Goths ‘more likely’ to self-harm & suffer depression than ‘chavs’ – study
Oxford and Bristol University academics surveyed nearly 3,700 youngsters of eight subcultures including ‘skaters’, ‘chavs’, ‘populars’, and ‘loners’.
The researchers, who examined the cohort of 15-year-olds in Bristol, found that many of those who “strongly” identified as Goths were more prone to depression and suicidal thoughts.
Recognizable by their black clothing and eccentric hair, the young Goths were found to be three times more likely to self-harm and become clinically depressed by the age of 18 than their peers, according to the research published in the journal Lancet Psychiatry on Friday.
About one in five Goth respondents were found to be suffering depression and 37 percent admitted to self-harming.
Teenagers who “somewhat” identified as Goth at 15 were also 1.6 times more likely to be clinically depressed at 18.
Skaters and loners also presented an increased risk of depression but not to the extent of goths, researchers found.
Those who identified as chavs (a contraction of ‘council house and violence’), sporty or popular at 15 were least likely to self-harm or become depressed at 18.
“Teenagers who are susceptible to depression or with a tendency to self-harm may be attracted to gothic subculture which is known to embrace marginalized individuals,” co-author Rebecca Pearson from the University of Bristol said.
“Our study does not show that being a goth causes depression or self-harm but rather that some young goths are more vulnerable to developing these conditions,” lead author of the study Lucy Bowes from Oxford University said.
Speaking to RT, self-identified Goth and vlogger Simone Hill said joining the subculture was a “way for her to cope” with her “abusive” life experiences.
Hill claims she was beaten, starved and abused by her mother at a very young age.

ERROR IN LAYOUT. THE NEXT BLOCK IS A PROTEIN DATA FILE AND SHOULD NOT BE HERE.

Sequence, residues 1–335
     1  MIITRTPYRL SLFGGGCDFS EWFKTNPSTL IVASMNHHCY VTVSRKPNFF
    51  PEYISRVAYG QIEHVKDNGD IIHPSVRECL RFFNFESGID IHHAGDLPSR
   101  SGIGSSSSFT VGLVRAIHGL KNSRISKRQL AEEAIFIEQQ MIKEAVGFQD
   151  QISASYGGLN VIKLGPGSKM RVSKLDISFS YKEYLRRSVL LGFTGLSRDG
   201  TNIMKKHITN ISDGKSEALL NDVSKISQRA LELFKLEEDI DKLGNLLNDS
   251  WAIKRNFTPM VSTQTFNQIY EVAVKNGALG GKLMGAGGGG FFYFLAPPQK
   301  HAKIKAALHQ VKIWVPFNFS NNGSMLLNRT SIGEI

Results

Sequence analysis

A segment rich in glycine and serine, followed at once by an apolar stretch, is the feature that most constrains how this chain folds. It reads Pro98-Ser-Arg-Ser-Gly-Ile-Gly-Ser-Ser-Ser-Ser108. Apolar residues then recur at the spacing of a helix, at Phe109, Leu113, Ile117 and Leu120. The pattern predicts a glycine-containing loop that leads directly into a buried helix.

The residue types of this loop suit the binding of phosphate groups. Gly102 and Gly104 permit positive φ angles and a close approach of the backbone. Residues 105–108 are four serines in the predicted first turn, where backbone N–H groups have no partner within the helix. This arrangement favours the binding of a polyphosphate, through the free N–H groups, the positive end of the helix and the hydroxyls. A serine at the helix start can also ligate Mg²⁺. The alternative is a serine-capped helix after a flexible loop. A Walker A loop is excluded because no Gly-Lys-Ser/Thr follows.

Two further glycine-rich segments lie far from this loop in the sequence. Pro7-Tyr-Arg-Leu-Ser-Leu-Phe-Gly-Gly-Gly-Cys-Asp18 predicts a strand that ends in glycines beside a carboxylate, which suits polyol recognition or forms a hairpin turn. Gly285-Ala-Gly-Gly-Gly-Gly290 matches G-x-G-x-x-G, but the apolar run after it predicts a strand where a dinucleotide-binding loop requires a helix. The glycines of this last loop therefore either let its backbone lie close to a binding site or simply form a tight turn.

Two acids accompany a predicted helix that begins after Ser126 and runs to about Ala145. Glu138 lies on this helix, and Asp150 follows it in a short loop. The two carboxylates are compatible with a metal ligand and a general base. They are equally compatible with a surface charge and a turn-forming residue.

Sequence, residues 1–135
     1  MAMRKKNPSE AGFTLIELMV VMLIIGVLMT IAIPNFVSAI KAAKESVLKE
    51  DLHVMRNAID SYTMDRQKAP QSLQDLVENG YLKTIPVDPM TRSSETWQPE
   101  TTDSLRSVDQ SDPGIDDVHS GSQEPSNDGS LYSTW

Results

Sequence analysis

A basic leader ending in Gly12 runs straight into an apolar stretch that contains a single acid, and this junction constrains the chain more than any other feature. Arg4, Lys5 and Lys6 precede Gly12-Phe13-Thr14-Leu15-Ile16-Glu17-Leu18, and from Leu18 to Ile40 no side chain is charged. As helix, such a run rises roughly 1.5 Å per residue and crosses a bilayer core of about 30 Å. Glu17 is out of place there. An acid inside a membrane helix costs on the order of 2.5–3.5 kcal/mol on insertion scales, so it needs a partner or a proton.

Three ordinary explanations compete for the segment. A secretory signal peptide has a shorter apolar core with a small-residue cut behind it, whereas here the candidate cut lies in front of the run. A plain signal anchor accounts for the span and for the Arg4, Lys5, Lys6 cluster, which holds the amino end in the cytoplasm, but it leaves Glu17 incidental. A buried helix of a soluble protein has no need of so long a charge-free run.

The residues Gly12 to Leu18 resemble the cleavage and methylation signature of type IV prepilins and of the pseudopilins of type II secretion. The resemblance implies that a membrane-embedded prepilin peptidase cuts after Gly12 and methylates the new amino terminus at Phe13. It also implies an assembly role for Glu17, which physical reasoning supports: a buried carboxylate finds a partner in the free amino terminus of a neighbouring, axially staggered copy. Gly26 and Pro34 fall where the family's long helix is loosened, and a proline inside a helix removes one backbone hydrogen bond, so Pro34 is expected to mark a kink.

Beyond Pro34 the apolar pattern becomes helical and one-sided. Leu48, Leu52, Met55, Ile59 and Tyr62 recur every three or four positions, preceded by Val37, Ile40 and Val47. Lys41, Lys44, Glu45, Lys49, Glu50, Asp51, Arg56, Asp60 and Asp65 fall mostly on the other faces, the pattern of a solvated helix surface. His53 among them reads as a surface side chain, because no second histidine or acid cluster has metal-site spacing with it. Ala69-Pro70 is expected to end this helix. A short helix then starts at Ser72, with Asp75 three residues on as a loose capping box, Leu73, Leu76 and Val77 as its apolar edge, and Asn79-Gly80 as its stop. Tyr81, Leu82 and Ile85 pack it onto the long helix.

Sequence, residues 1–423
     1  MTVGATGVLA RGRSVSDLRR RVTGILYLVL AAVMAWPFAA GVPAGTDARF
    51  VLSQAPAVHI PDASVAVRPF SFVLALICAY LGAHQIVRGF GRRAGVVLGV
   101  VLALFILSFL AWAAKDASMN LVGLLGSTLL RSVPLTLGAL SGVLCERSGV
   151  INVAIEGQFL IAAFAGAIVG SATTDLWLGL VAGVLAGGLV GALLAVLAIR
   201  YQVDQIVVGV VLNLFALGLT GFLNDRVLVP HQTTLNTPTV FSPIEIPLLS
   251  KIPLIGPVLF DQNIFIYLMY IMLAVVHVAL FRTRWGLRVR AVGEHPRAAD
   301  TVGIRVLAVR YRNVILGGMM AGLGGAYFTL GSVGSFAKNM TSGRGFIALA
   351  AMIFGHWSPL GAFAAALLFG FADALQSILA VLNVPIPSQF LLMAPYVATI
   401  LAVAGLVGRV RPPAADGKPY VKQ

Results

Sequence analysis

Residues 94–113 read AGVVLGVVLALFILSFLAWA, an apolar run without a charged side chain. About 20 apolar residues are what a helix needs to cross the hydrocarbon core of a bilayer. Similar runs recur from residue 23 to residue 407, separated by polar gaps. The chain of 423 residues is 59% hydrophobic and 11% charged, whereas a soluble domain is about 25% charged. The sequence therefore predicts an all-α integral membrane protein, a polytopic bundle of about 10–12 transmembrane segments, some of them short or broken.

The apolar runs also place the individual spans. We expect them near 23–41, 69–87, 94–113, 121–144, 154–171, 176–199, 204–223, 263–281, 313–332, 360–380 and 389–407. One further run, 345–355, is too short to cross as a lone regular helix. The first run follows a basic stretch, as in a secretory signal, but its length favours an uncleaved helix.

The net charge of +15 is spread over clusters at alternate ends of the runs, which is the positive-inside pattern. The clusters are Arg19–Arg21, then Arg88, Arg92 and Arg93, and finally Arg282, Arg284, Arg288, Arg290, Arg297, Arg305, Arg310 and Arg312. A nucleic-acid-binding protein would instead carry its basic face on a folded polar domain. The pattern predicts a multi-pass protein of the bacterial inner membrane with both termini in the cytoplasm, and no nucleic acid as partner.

“I was treated like a slave for many years.
“It helped me to deal with everything that has happened to me.”
Through Gothic culture, Hill says she found a way to “express what had been denied” to her.
This is the real England. Everyone together and accepting each other. Not matter race, religion or style. Loves. pic.twitter.com/na9VYmOv9z— Simone Hill (@gothinisity) April 24, 2015
The vlogger, who admitted to self-harming, said she was deprived from her youth and education.
“My mother took me out of school quite young. I had to catch up on my GCSE’s when I left home at 16. I was never allowed to be a kid. There was mental abuse also,” she told RT.
Hill also recalls being jumped and beaten up by a group of ‘chavs’ because of her Gothic appearance.
“What is the crime? Dressing Goth? They don’t understand it, they fear it. That or they just want to show off to their friends.”
Another Gothic blogger Emily Moose told RT she believes ‘chavs’ are the “normal” people in society.
“Goths are an easy target and chavs have a lot of confidence in themselves. There’s also more of them in this world.”
Director of the suicidal behavior research laboratory at the University of Glasgow Rory O’Connor said it is crucial to understand how and why goths are at high risk of self-harming.
“We also don’t know whether these young people are less likely to seek help, because if this is the case that they are more reluctant to seek help when distressed, it may be difficult to reach this vulnerable population,” he said.
In a statement, the study’s authors said Goths should be closely monitored so that those at risk can be offered support.
The Gothic subculture emerged in the early 1980s alongside the rock music scene. In recent years, many have now moved into newer genres of ‘steampunk’ and ‘emo’.